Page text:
Neural cell adhesion molecule expression: No correlation with perineural invasion in cutaneous squamous cell carcinoma of the head and neck

C. Arturo Solares, Ian Brown, Glen M. Boyle, Peter G. Parsons, Benedict Panizza

Research output: Contribution to journalArticle

13 Citations (Scopus)

Abstract

Background. Perineural invasion (PNI) in cutaneous squamous cell carcinoma of the head and neck (CSCCHN) is associated with decreased survival, particularly in patients with clinical signs of cranial nerve involvement. There is evidence to indicate that neural cell adhesion molecule (N-CAM) confers capability of PNI. We analyzed our own patient population to determine if N-CAM predicted clinical PNI in CSCCHN. Methods. Tissue from patients with CSCCHN and clinical PNI, who underwent surgery between 1998 and 2005, was immunostained for N-CAM. In addition, non-PNI CSCCHN and normal nerve sections were also stained. A section of neuroendocrine tumor was included in each slide as a positive control. In addition, most of the sections also had an "inbuilt control" in the CD56 positive natural killer T cells that formed part of the inflammatory reaction to the tumors. Results. Tissue was available from 14 patients with CSCCHN and clinical PNI. The analysis was carried out in 14 patients without PNI and 4 normal nerves. N-CAM was not expressed in any of our PNI CSCCHN specimens or non-PNI controls. It was strongly expressed in the neuroendocrine tumors and positive in-built controls, as well as in normal nerve tissue. Conclusion. N-CAM expression did not predict neurotropism in our patient population. Additional studies are required to identify the cell surface markers expressed by CSCCHN which confer neurotropism capabilities.

Original languageEnglish (US)
Pages (from-to)802-806
Number of pages5
JournalHead and Neck
Volume31
Issue number6
DOIs
StatePublished - Jun 1 2009

Fingerprint

Neural Cell Adhesion Molecules
Skin
Neuroendocrine Tumors
Nerve Tissue
Natural Killer T-Cells
Cranial Nerves
Carcinoma, squamous cell of head and neck
Population
Survival

Keywords

  • Cutaneous squamous cell carcinoma of the head and neck (CSCCHN)
  • Neural cell adhesion molecule (N-CAM)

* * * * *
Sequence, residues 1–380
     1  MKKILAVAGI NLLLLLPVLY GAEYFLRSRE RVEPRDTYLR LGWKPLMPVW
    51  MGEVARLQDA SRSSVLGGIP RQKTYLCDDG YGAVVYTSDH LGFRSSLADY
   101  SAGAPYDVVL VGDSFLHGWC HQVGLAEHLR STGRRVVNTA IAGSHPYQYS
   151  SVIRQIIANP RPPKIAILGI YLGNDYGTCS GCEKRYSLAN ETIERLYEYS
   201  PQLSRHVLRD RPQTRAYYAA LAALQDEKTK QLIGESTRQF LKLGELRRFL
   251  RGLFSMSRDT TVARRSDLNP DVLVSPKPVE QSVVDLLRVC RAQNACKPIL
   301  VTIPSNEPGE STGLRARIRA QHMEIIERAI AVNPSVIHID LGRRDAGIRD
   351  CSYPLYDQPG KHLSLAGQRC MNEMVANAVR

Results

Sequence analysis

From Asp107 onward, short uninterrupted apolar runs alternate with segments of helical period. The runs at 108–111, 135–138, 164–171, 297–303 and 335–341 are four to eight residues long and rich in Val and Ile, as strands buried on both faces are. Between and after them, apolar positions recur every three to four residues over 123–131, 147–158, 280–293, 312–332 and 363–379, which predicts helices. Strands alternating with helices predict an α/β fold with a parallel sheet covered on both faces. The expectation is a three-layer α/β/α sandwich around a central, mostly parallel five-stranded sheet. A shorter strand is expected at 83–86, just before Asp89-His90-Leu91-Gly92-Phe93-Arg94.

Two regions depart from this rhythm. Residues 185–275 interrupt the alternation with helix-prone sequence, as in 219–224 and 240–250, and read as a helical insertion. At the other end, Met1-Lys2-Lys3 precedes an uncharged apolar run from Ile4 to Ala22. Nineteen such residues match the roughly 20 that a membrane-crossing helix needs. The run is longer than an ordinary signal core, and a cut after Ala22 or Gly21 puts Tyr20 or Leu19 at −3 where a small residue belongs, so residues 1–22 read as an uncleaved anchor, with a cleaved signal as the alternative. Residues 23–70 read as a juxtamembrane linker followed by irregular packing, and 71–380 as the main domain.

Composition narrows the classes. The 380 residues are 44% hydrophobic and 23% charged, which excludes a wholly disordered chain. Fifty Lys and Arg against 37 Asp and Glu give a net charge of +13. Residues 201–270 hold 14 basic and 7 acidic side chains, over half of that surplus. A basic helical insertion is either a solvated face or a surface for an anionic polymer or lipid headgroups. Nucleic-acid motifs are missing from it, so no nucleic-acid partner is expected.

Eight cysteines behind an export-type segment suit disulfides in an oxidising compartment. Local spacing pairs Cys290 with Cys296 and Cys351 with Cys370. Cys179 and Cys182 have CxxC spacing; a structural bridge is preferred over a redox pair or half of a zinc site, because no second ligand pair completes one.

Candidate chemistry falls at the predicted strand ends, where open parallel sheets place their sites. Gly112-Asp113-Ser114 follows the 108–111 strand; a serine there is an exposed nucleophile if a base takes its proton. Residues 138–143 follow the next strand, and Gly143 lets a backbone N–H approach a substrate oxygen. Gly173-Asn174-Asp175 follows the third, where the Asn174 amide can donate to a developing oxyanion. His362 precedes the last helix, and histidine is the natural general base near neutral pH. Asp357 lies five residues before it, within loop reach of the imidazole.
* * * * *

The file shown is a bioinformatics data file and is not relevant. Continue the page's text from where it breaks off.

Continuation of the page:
• Neurotropism
  • Perineural invasion (PNI)

ASJC Scopus subject areas

  • Otorhinolaryngology

Cite this

Neural cell adhesion molecule expression : No correlation with perineural invasion in cutaneous squamous cell carcinoma of the head and neck. / Solares, C. Arturo; Brown, Ian; Boyle, Glen M.; Parsons, Peter G.; Panizza, Benedict.

In: Head and Neck, Vol. 31, No. 6, 01.06.2009, p. 802-806.

Research output: Contribution to journalArticle

Solares, C. Arturo ; Brown, Ian ; Boyle, Glen M. ; Parsons, Peter G. ; Panizza, Benedict. / Neural cell adhesion molecule expression : No correlation with perineural invasion in cutaneous squamous cell carcinoma of the head and neck. In: Head and Neck. 2009 ; Vol. 31, No. 6. pp. 802-806.
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abstract = "Background. Perineural invasion (PNI) in cutaneous squamous cell carcinoma of the head and neck (CSCCHN) is associated with decreased survival, particularly in patients with clinical signs of cranial nerve involvement. There is evidence to indicate that neural cell adhesion molecule (N-CAM) confers capability of PNI. We analyzed our own patient population to determine if N-CAM predicted clinical PNI in CSCCHN. Methods. Tissue from patients with CSCCHN and clinical PNI, who underwent surgery between 1998 and 2005, was immunostained for N-CAM. In addition, non-PNI CSCCHN and normal nerve sections were also stained. A section of neuroendocrine tumor was included in each slide as a positive control. In addition, most of the sections also had an {"}inbuilt control{"} in the CD56 positive natural killer T cells that formed part of the inflammatory reaction to the tumors. Results. Tissue was available from 14 patients with CSCCHN and clinical PNI. The analysis was carried out in 14 patients without PNI and 4 normal nerves. N-CAM was not expressed in any of our PNI CSCCHN specimens or non-PNI controls. It was strongly expressed in the neuroendocrine tumors and positive in-built controls, as well as in normal nerve tissue. Conclusion. N-CAM expression did not predict neurotropism in our patient population. Additional studies are required to identify the cell surface markers expressed by CSCCHN which confer neurotropism capabilities.",
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